But then Chawla has shown scant respect for norms all through, beginning from the black days of Emergency, though, it must be admitted, he is the authorised biographer of Mother Teresa. Wish some of her much commented upon saintliness had touched him too.



The other day, a well-known anchor of a television news channel tweeted approval of the recent introduction of flexible pricing of passenger fares on Rajdhani, Shatabadi and Duronto super fast trains. Immediately, the Deputy Chief Minister of Delhi, Manish Sisodia, countered, saying that the surge pricing was anti-people and predictably criticised Prime Minister Narendra Modi for the proposed hike. Soon, Sisodia’s boss and Chief Minister of Delhi, Arvind Kejriwal joined the argument, calling the anchor “an agent of Modi”.

Not to be cowed down by such abuse, the anchor stood his ground, arguing that if passengers want efficient service they should be ready to pay for it. In any case, the increase was proposed only on premium trains and that too for higher-cost fares. But Sisodia was not ready to reason, he defended Kejriwal, which only brought the retort from the anchor that neither Kerjiwal nor Sisodia had mentally evolved.  By the way, Indian Railways loses upwards of Rs 26,000 crore on passenger services annually. It seeks to recoup some of the loss through higher freight rates, which is partly responsible for slower growth in goods haulage by Railways. Also, higher freight charges hurt the poor, whereas passengers of premium trains have the option of travelling by slower trains or by a lower class of travel.



A number of Congress leaders, who are now being made to account for their illicit money-making rackets while the party was in power for ten years, have deliberately resorted to delaying tactics in the hope that the 2019 parliamentary poll might end their woes. That explains the refusal to accept summons, to seek repeated adjournments, to evade appearance before the Enforcement Directorate, to plead illness or some such excuse for putting off interrogation by the ED, etc.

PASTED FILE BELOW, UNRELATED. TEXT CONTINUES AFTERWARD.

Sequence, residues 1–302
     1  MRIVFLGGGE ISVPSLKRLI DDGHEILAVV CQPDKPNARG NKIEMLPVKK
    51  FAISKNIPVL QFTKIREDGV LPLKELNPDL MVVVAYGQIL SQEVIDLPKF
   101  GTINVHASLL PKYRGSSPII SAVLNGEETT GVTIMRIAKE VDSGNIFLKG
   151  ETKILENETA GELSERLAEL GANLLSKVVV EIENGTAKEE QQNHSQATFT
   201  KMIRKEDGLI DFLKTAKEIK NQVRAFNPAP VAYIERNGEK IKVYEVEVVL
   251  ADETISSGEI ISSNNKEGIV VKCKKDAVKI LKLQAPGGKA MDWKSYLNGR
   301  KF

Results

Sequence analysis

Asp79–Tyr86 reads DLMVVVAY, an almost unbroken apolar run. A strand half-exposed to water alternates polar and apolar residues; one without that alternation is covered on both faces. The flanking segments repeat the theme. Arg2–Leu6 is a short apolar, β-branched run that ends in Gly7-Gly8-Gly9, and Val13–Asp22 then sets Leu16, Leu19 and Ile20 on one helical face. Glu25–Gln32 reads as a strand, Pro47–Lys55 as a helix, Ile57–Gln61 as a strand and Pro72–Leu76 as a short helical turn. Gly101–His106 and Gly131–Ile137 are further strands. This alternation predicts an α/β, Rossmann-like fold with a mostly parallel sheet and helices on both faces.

In fact, even when the ED manages to summon the underlings of someone who had made tonnes of money due to his powerful ministerial connection, the effort is made to thwart their appearance. And on occasion when the accomplices of the main suspect were unable to avoid the ED, his mother has sought to disrupt the proceedings, barging into the room screaming and shouting at the officers and threatening them of reprisals upon their certain return to power in 2019. Small wonder then the investigators are unable to make much progress, though the main suspect had used his powerful connection to make big money on the stock market, and from dabbling in the telecom sector. If you believe the realtors in the capital, the fellow owns over a dozen properties in South Delhi’s upmarket Defence Colony alone.



A message exchanged on one of the more popular social media sites has this apocryphal exchange:

Sandeep Kumar: It was the woman who wanted to bribe me with sexual favours.

Policeman: Why didn’t you object?

Sandeep Kumar: Our Netaji has said that if anyone offers you a bribe, do not object; make a recording and give me a CD of that. Jai AAP!